### Environmental carrying capacity

#### Video introduction

*The discrete logistic equation.*

#### Environmental limits decrease growth rate

One of the simplest types of discrete dynamical systems describes the exponential growth of a population, where reproduction in each time step is proportional to the number of individuals. In such exponential growth, the population grows faster and faster, continuing to double in size at regular intervals.

Exponential growth may be a good model for early stages of population growth, such as we can observe with a model for the initial growth of a bacteria population. However, as one can readily see by exploring some of the problems involving exponential growth, exponential growth cannot continue for long or a population will reach astronomical values.

One reason that exponential growth cannot continue is because the environment in which a population lives cannot support an indefinitely large population of a given species. Based on the amount of available food, space, water, and other necessities, an environment will have a finite *carrying capacity*, which is the maximum population size that the environment can sustain indefinitely. As populations near their environmental limits, the growth rates decrease.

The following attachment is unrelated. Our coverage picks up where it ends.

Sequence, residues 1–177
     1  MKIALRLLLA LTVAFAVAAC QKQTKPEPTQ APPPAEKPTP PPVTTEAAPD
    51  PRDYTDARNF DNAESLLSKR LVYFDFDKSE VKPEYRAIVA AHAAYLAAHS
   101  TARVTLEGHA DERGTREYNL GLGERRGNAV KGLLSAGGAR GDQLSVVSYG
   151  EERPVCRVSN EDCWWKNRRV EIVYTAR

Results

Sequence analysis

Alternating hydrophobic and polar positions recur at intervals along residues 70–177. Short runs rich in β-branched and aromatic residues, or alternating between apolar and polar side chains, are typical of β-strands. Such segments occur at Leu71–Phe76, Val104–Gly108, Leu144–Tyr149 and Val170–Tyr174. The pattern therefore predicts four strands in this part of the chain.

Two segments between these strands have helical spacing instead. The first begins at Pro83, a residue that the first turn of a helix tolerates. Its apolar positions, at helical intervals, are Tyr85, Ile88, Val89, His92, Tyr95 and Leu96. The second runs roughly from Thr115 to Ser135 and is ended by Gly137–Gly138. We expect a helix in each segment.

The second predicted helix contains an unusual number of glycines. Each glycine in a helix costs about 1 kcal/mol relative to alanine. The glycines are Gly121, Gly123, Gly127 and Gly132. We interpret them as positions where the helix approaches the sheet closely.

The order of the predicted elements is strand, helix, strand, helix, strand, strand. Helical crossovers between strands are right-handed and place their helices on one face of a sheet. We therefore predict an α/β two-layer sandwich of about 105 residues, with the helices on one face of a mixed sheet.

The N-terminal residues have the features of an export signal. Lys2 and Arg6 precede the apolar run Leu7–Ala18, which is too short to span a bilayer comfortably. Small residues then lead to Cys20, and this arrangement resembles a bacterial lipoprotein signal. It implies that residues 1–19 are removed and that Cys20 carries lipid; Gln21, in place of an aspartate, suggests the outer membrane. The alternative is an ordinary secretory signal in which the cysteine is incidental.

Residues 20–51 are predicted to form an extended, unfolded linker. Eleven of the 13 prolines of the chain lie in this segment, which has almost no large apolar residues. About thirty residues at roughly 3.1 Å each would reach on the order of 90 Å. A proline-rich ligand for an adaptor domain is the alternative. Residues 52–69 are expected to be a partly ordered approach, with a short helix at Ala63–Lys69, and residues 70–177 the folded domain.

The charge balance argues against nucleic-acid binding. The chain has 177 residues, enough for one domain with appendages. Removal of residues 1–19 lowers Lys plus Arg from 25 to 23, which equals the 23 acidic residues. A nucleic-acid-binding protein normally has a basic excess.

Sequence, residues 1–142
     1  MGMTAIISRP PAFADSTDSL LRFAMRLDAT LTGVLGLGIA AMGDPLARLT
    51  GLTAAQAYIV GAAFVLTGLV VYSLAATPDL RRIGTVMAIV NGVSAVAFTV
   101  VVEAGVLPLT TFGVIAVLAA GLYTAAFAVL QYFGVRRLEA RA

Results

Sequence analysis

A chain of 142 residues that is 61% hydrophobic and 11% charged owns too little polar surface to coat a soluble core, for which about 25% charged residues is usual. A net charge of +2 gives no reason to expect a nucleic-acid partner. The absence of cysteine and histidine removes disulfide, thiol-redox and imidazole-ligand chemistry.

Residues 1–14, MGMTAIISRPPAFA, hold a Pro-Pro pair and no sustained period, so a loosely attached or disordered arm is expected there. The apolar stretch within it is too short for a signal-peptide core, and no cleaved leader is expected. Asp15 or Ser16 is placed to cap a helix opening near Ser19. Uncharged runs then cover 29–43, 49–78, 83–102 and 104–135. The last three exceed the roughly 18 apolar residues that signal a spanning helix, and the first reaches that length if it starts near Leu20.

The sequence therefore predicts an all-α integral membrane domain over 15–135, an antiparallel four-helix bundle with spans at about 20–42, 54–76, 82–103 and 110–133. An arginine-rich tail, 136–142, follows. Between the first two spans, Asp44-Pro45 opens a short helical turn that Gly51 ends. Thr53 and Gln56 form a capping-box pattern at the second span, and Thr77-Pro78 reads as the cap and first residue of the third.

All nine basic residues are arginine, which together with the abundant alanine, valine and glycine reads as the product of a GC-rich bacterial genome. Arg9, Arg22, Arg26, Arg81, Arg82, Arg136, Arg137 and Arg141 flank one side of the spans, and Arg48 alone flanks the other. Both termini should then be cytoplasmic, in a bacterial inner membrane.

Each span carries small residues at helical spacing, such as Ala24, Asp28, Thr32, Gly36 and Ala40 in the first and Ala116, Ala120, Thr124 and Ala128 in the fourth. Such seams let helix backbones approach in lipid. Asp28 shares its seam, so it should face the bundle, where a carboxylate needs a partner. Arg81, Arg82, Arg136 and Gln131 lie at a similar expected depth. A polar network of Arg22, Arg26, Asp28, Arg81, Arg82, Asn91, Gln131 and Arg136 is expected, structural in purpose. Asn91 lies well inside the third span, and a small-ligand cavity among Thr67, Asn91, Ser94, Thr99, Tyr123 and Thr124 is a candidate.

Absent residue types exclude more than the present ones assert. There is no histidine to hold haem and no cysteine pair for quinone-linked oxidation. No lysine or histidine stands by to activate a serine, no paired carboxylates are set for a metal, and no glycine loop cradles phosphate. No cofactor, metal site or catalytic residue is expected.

#### The logistic model

One way to develop a model that incorporates a carrying capacity is to make the reproduction be proportional not only to the population size but also to the fraction of unused carrying capacity. The resulting model is the logistic model for population growth.

Let $P_t$ denote the population size in time period $t$. Let $M$ be the carrying capacity, which is the population size that the environment can support. Then,

- $\displaystyle \frac{P_t}{M}$ is the fraction of the carrying capacity that is used, and
- $\displaystyle 1 - \frac{P_t}{M}$ is the unused fraction of the carrying capacity.

Because of the double proportionality, the annual increase is proportional
to the *product* the population size and the unused carrying
capacity:

Logistic growth is similar to exponential growth when the population is small. The quantity $r$ is called the *low density growth rate* and plays the same role as the parameter $r$ defined in exponential growth page. In fact, for small population sizes, we can show that we get the equation for exponential growth back.
When $P_t$ is “small” compared
to $M$, then the factor $\frac{P}{M}$ is close to zero and the factor $\left( 1 - \frac{P_t}{M} \right)$ is close to 1. If we replace the factor $\left( 1 - \frac{P_t}{M} \right)$ with 1, the logistic equation \eqref{logistic} becomes
\begin{align*}
P_{t+1} - P_t \approx r \, P_t.
\end{align*}
which is the same as equation (2) of the exponential growth page.

Once the population size $P_t$ becomes appreciable compared carrying capacity $M$, then the growth rate slows down becomes the factor $\left( 1 - \frac{P_t}{M} \right)$ becomes substantially smaller than 1. As $P_t$ approaches the value of $M$, the factor $\left(1 - \frac{P_t}{M} \right)$ approaches 0. In this case, the logistic equation \eqref{logistic} for the population change becomes \begin{align*} P_{t+1} - P_t \approx r \times P_t \times 0 = 0. \end{align*} As the population change $P_{t+1}-P_t$ is zero when $P_t=M$, the carrying capacity is an equilibrium of the logistic equation.